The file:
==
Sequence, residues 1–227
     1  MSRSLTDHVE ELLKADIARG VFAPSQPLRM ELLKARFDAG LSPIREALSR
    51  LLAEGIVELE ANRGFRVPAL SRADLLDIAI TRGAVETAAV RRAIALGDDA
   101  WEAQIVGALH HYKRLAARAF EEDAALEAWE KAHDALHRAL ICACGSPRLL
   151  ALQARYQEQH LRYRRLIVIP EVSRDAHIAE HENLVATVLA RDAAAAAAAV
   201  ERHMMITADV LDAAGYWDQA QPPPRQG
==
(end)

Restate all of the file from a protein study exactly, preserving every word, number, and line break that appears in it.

Sequence, residues 1–227
     1  MSRSLTDHVE ELLKADIARG VFAPSQPLRM ELLKARFDAG LSPIREALSR
    51  LLAEGIVELE ANRGFRVPAL SRADLLDIAI TRGAVETAAV RRAIALGDDA
   101  WEAQIVGALH HYKRLAARAF EEDAALEAWE KAHDALHRAL ICACGSPRLL
   151  ALQARYQEQH LRYRRLIVIP EVSRDAHIAE HENLVATVLA RDAAAAAAAV
   201  ERHMMITADV LDAAGYWDQA QPPPRQG